6.1.1.1 After a long period of rain, the soil becomes SATURATED. Any further rainfall can't INFILTRATE, which increases RUNOFF. This increases discharge quickly, which can cause a flood.
6.1.2 Heavy rainfall
6.1.2.1 Heavy rainfall means there's a lot of RUNOFF. This increases discharge quickly, which can cause a flood.
6.1.3 Snowmelt
6.1.3.1 When a lot of snow or ice melts it means that a lot of water goes into a river in a short period of time. This increases discharge quickly, which can cause a flood.
6.1.4 Relief
6.1.4.1 If a river is in a steep-sided valley, water will reach the river channel much faster because water flows more quickly on steep slopes. This increases discharge, which can cause a flood.
6.2 Human factors
6.2.1 Deforestation
6.2.1.1 Trees intercept rainwater in their leaves, which then evaporates. Trees also take up water from the ground and stores it. This means cutting down trees increases the volume of water that reaches the river channel, which increases discharge and makes a flood more likely.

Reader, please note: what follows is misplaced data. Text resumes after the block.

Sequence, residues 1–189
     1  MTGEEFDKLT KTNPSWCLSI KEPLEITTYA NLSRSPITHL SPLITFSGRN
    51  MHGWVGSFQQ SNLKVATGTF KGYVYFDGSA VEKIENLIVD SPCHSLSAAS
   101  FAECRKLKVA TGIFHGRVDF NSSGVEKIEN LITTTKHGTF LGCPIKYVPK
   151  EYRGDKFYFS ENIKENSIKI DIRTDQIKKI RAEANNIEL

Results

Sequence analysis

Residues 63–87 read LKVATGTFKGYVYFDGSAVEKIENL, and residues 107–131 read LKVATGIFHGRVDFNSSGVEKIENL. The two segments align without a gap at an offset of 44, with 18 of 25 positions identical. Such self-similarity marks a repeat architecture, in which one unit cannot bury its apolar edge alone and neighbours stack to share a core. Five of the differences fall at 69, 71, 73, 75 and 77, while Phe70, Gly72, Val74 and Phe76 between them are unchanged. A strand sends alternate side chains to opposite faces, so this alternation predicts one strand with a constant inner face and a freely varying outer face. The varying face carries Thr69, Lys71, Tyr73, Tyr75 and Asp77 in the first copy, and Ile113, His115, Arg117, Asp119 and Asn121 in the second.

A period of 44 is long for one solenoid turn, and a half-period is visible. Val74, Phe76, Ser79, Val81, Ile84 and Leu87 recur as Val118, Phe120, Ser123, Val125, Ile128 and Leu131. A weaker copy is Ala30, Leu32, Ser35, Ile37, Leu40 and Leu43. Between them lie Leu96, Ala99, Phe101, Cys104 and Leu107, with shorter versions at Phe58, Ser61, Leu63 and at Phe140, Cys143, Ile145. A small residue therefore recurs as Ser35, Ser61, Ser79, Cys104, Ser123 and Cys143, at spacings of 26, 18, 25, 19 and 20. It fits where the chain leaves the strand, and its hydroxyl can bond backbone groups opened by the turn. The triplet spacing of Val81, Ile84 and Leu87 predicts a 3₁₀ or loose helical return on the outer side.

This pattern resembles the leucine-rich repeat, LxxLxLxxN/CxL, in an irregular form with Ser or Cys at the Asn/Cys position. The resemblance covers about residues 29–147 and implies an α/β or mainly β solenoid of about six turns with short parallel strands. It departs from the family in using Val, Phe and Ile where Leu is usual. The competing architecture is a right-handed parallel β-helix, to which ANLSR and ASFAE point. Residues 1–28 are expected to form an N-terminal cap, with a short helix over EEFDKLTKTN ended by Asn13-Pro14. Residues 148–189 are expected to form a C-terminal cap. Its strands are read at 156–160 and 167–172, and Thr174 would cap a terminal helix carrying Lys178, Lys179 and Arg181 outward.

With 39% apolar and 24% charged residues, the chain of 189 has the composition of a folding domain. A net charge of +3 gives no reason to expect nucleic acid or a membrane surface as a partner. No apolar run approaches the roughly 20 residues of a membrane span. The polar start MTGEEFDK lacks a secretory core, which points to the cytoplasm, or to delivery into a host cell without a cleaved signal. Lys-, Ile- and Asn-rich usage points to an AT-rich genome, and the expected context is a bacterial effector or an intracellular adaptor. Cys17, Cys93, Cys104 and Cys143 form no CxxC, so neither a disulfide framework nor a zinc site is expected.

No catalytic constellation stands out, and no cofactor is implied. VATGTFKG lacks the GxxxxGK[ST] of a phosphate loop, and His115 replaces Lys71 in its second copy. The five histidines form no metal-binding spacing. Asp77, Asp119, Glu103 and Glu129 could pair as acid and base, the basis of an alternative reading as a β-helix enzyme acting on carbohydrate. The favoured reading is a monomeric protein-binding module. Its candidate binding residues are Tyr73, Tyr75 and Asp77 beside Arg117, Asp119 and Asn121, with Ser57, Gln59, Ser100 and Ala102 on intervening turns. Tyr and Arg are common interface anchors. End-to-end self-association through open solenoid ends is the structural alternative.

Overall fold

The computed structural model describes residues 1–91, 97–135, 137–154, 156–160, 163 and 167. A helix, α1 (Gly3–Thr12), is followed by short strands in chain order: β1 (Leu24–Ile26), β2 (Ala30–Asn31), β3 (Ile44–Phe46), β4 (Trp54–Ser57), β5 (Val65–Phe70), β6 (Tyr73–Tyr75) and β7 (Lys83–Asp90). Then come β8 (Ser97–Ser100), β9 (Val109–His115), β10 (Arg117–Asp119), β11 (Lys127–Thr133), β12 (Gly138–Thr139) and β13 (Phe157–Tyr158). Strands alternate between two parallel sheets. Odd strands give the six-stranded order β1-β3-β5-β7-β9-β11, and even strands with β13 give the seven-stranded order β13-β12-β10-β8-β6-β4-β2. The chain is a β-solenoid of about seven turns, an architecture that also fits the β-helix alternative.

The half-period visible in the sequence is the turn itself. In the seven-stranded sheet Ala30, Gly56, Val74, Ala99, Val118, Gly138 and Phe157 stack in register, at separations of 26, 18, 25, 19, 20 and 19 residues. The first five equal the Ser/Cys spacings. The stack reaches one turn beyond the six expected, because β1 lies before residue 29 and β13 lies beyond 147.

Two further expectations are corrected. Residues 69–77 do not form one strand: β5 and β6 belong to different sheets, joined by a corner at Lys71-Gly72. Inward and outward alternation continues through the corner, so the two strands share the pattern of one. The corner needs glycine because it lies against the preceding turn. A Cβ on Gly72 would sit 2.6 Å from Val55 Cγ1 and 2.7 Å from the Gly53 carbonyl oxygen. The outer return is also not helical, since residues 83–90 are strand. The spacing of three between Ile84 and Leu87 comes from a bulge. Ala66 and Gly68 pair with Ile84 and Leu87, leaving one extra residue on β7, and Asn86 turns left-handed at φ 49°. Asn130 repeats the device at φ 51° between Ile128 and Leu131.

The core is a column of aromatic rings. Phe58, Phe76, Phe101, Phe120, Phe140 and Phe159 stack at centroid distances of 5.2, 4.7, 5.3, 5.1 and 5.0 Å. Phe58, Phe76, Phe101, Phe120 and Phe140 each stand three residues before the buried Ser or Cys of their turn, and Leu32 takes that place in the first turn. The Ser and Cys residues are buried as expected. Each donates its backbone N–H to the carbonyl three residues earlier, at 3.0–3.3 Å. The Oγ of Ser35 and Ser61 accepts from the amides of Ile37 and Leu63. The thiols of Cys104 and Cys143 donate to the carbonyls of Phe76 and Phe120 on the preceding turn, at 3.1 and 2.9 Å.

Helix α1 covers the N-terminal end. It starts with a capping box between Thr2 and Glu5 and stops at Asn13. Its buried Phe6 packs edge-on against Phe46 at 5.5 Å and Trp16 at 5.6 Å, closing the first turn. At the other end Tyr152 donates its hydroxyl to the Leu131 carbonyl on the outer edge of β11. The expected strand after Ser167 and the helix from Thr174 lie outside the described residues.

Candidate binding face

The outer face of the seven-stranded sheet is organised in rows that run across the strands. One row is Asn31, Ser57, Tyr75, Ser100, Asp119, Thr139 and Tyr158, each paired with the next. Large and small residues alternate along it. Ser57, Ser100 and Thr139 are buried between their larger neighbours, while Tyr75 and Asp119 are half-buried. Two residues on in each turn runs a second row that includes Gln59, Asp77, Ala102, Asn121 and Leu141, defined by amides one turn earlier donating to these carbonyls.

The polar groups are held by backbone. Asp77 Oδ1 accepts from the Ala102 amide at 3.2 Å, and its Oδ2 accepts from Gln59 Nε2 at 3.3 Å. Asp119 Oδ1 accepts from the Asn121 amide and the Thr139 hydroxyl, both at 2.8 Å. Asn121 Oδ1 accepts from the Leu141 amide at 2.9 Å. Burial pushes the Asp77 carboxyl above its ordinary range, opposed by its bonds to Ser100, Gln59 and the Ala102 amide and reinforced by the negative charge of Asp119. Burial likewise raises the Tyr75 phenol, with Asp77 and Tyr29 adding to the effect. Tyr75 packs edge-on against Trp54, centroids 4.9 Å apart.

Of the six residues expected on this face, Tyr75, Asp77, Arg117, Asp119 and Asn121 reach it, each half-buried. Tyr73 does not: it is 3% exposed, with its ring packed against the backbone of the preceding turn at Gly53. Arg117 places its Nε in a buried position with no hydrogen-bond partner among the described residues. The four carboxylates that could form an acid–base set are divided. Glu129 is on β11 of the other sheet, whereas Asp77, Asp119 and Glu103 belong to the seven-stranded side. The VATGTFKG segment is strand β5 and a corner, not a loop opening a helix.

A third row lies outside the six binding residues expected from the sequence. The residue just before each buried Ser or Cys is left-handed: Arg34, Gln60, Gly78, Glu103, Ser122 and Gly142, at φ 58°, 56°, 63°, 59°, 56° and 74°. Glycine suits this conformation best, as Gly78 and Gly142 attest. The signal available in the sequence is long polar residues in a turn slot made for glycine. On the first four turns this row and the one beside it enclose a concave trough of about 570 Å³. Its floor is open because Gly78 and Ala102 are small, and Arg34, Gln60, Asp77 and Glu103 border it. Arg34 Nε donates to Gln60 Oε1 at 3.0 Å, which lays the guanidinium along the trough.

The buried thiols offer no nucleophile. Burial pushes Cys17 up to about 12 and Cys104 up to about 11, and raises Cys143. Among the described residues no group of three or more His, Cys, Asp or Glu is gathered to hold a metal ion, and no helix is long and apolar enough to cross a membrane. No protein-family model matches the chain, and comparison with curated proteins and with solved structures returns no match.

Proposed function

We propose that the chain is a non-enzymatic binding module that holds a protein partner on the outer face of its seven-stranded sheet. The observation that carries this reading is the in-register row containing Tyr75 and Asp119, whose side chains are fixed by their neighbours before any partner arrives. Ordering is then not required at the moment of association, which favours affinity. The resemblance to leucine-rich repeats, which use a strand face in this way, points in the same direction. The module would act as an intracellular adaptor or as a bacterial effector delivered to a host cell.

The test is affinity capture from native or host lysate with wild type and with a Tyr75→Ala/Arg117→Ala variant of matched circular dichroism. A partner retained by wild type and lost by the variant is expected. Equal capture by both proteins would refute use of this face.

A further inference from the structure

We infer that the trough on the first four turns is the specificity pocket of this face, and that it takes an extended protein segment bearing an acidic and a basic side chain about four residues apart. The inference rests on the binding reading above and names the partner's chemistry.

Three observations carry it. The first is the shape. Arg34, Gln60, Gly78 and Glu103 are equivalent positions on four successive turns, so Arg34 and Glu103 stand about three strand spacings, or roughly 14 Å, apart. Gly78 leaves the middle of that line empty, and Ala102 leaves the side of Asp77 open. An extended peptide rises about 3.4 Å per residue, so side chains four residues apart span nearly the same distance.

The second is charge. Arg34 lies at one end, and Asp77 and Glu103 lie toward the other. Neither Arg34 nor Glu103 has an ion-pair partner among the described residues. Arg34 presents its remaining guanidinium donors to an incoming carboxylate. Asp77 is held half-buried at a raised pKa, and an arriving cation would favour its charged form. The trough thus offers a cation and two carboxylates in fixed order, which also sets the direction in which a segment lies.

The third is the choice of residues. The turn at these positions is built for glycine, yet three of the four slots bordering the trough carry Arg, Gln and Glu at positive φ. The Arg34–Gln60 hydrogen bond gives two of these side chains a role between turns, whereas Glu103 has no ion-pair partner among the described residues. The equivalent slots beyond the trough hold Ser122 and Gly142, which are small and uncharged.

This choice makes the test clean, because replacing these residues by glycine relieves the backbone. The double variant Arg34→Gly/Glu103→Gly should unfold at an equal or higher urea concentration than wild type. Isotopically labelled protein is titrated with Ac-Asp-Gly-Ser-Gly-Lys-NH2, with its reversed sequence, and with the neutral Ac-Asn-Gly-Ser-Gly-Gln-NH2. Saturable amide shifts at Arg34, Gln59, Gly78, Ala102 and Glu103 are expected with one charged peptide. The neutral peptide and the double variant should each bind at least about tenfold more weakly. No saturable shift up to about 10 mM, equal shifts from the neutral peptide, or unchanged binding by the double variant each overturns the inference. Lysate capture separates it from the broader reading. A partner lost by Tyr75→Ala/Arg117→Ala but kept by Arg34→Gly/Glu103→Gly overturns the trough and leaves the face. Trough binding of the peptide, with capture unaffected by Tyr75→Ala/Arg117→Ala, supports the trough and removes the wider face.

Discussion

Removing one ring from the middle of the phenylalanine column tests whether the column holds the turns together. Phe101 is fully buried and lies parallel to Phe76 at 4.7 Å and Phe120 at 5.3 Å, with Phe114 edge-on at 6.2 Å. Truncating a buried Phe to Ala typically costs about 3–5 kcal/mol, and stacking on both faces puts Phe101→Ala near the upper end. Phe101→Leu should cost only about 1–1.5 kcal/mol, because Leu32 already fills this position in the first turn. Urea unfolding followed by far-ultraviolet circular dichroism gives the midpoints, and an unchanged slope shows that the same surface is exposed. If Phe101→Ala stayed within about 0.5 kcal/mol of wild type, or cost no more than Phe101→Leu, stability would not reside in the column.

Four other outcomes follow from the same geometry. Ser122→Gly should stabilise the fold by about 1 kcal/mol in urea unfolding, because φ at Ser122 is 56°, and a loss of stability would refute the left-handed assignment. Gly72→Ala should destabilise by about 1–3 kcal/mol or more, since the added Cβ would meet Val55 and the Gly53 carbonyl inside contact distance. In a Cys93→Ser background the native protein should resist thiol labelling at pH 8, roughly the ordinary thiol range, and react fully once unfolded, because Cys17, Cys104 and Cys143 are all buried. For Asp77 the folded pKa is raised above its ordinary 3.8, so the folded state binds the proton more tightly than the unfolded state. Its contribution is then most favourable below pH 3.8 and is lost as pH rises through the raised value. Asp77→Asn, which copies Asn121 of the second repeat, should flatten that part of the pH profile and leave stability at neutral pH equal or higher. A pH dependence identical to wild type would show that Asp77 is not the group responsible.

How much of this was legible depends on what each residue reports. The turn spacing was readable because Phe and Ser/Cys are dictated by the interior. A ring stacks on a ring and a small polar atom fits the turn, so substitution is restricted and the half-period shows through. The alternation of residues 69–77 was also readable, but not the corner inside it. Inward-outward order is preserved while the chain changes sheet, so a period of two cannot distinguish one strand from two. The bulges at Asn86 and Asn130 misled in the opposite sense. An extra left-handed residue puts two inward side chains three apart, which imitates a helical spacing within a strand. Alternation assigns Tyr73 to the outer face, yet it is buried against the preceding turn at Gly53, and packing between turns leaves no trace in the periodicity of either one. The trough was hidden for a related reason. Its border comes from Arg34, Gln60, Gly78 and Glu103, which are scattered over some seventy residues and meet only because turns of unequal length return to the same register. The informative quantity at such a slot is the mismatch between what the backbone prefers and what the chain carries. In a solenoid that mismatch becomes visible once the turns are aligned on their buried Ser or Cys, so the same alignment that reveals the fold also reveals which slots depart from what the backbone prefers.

6.2.2 Building construction
6.2.2.1 Buildings are often made from impermeable materials, e.g. concrete, and they're surrounded by roads made from tarmac (also impermeable). Impermeable surfaces increase RUNOFF and drains quickly runoff to rivers. This increases discharge, which can cause a flood.
6.3 Case studies
6.3.1 Carlisle, England. 8th January 2005. River Eden
6.3.1.1 Causes
6.3.1.1.1 200mm of rain in 36 hours.
6.3.1.1.2 Impermeable materials increased RUNOFF.
6.3.1.1.3 Discharge reached 1520 CUMECS.
6.3.1.2 Primary effects
6.3.1.2.1 3 deaths.
6.3.1.2.2 3000 people left homeless.
6.3.1.2.3 4 schools flooded.
6.3.1.2.4 350 businesses shut down.